This blog was written by Sina Zhen, Sustainable Mobility Officer, ICLEI World Secretariat.
With the rise of e-commerce due to technological advancement in on-demand deliveries and the effects of COVID-19, some of the major challenges that cities face includes the increase in heavy goods vehicle congestion, roadway safety, and air pollution. To tackle these issues, Barcelona is supporting eco-friendly methods of transport for the last mile solution. The city has contributed a 600,000-euro grant for exploring a range of new concepts to reduce urban delivery impacts. These initiatives include creating micro-distribution hubs for last-mile delivery and the funding of cargo bikes.
Since January 2020, Barcelona has introduced what is known as the city’s Ring Road Low Emissions Zone (LEZ). The 95-square-kilometer zone covers the entire metropolitan area and its outer suburbs and restricts the most polluting vehicles from entering. The LEZ operates Monday to Friday, from 7 AM- 8 PM, and is enforced through police and an automatic control system utilizing more than 150 cameras. The LEZ is part of a range of actions to reduce the city’s air pollutant emissions by 30 percent in the next 15 years and promote alternative modes of transport. The LEZ has a direct impact on the operations of urban deliveries, in particular with the last mile situation.
Vanapedal, a cycle logistics company founded in 2010 in Barcelona, is one of the key players in assisting the city in achieving its sustainability goals. Prior to COVID-19, the company was delivering 1,500 packages a day with 16 cargobikes. The concept is simple: vans from logistic operators leave packages in a micro-distribution center right at the edge of the city center where Vanapedal takes over the last-mile fulfillment within the city core. This effort reduces pollution and congestion by reducing the number of heavy vehicles traveling into the city center as well as promoting cycling. During the city’s two-year pilot with Vanapedal, carbon dioxide emissions were reduced by 95.9 percent and there was a 21.7 percent reduction in noise. The city’s partnership with the operator in implementing a prime location for the micro-distribution center is crucial. This concept’s success is also enabled by technology advancement, as operators uses geolocation tools and smartphone terminals for real-time communication, optimization of routes, and package tracking.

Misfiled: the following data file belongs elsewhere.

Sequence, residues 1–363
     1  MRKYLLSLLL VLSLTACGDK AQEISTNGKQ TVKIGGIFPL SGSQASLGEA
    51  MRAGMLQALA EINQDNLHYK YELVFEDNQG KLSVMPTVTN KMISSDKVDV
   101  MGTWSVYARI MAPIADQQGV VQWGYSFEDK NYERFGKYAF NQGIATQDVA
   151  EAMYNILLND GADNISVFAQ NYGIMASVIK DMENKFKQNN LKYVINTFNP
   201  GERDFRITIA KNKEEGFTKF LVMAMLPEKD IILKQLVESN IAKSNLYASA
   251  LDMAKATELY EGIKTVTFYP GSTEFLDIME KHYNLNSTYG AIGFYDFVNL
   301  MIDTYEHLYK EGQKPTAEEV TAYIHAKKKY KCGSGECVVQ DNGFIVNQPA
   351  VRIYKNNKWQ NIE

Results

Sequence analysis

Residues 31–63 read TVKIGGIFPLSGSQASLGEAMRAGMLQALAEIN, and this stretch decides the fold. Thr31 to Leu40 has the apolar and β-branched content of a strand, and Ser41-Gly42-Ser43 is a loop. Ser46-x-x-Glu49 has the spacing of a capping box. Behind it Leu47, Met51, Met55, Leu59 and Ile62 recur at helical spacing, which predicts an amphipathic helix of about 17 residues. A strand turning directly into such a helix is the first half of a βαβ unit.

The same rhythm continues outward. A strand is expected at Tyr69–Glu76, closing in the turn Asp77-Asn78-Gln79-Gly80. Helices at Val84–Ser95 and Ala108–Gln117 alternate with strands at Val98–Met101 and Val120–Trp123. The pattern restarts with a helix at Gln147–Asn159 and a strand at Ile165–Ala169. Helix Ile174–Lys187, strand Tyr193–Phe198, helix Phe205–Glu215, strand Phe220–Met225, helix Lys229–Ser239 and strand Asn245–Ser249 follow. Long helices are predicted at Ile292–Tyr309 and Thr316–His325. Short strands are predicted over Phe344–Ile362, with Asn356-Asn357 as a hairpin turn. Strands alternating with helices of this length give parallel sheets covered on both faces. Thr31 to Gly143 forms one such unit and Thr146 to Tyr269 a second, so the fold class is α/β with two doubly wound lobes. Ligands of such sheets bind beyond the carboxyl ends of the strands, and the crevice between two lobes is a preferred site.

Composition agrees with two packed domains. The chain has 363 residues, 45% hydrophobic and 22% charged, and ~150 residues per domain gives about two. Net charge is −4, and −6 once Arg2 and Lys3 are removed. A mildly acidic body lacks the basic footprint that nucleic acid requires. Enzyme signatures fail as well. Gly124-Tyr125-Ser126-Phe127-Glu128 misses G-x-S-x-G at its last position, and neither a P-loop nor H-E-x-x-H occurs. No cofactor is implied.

According to the European Union-funded CYCLE Logistics, 50 percent of all motorized trips in European cities related to transport of goods could be shifted to bikes or cargo bikes. Last-mile delivery is one of the most expensive and highest polluting elements of the supply chain and shifting to cargo bikes can help solve these issues, while also potentially promoting the worker’s health via cycling versus the stress of driving a big van through congested streets. Using cargo bikes for delivery has gained momentum in many European cities like Barcelona that have high density, narrow streets, restriction of trucks and vans in certain areas, and congestion which make parking difficult, while bikes can navigate the city with more flexibility as well as contribute to the achievement of climate goals.
Last-mile delivery has become a challenge to many cities and cities can learn from Barcelona on what is working. In summary here are a few key measures from Barcelona’s pilot that cities can replicate:
Special thanks to
Ruth Lamas: Mobility Engineer, Metropolitan logistics coordination, Mariona Conill: Mobility Engineer, EIT Urban Mobility projects coordination and Sílvia Casorrán: Environmental Scientist, Metropolitan bike office coordination for providing information for this blog post.
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